I welcome the fact that the Foreign Secretary and the Minister—who is always very proactive when it comes to matters relating to Burma and, indeed, the whole region, and with whom I have worked very closely—have been far more robust in recent weeks and months in respect of the possibility of a referral to the International Criminal Court. The work that is being done at the United Nations with the international community is extremely important.

We must think about what more we can do to target the military with sanctions. As I have often said in this place, I do not think that we should target the whole of Burma in a “blanket” way, because that would adversely affect so many people who are not in the midst of the conflict and who desperately need our help. We need to target the military so that they cannot feel that they can get away with this with impunity.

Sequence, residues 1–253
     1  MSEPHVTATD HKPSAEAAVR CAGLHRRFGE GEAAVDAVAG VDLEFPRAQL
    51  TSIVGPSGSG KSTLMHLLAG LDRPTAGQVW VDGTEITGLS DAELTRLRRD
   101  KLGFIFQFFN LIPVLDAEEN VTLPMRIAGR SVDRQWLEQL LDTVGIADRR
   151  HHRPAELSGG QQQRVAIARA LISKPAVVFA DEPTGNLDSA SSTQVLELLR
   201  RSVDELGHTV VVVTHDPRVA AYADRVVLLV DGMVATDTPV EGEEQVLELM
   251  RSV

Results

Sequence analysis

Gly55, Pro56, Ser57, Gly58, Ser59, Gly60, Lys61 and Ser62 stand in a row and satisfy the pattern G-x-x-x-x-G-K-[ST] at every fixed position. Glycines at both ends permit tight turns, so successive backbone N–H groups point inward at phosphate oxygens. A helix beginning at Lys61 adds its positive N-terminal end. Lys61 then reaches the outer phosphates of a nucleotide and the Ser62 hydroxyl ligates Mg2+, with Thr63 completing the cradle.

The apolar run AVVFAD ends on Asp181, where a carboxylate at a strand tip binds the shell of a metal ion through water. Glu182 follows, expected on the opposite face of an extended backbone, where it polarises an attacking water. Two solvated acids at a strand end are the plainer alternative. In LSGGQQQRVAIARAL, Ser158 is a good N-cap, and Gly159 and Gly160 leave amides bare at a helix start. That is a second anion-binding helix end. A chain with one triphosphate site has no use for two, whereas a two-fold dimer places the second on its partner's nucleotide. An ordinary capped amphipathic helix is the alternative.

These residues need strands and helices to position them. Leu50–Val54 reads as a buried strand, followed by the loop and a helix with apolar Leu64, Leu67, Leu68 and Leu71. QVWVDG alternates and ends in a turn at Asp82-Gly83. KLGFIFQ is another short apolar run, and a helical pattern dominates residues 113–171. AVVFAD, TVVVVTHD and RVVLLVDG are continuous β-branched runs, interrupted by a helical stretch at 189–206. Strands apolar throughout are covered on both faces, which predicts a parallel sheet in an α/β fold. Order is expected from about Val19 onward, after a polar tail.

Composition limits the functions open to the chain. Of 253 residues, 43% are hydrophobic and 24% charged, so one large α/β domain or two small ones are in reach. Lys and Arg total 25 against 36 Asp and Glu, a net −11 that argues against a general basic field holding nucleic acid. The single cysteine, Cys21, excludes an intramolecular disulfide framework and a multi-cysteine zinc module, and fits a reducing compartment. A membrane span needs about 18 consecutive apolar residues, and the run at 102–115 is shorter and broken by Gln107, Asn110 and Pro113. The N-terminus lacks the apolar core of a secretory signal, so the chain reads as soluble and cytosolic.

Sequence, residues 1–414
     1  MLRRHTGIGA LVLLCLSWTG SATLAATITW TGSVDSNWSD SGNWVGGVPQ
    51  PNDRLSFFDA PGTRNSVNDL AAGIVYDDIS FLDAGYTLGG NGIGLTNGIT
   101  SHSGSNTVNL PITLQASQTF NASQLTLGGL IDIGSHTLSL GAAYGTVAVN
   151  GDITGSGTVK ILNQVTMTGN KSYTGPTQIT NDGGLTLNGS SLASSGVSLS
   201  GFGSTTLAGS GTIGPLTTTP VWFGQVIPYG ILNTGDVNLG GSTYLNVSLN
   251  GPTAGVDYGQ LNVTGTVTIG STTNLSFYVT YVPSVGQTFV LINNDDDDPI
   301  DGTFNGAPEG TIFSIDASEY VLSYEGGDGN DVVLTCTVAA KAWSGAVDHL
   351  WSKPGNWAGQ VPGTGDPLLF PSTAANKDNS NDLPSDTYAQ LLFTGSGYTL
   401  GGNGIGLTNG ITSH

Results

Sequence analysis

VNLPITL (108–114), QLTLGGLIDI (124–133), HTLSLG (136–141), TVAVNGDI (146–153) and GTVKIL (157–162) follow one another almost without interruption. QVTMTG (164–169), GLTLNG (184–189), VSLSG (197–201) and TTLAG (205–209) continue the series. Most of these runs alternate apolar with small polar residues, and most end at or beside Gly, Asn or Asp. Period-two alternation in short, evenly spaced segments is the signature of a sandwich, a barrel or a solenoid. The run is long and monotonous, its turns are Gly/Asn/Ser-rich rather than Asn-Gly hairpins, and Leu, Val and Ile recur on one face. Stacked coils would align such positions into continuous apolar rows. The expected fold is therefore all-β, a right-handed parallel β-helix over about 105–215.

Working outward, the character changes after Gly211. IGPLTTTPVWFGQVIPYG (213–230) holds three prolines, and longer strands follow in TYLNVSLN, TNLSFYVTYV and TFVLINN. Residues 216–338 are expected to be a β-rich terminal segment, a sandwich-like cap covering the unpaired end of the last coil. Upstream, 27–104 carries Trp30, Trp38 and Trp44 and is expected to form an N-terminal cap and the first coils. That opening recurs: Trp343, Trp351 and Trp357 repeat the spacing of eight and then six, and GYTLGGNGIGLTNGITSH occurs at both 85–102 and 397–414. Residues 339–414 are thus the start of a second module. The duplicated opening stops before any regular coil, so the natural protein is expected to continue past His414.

We need China’s influence as well. Yes, it has its trading links, but if it wants to be part of a wider trading partnership with the international community, it must realise that it has responsibilities as well. I do not care if ASEAN countries do not come out and say that publicly, as long as they are saying it when they are having conversations with the Burmese military, with whom many countries in the surrounding area are reasonably friendly. They can have private conversations that may bear fruit in the long run. They can say to Burma, “You need to tackle your responsibilities if you want to return as an open member of the international community.”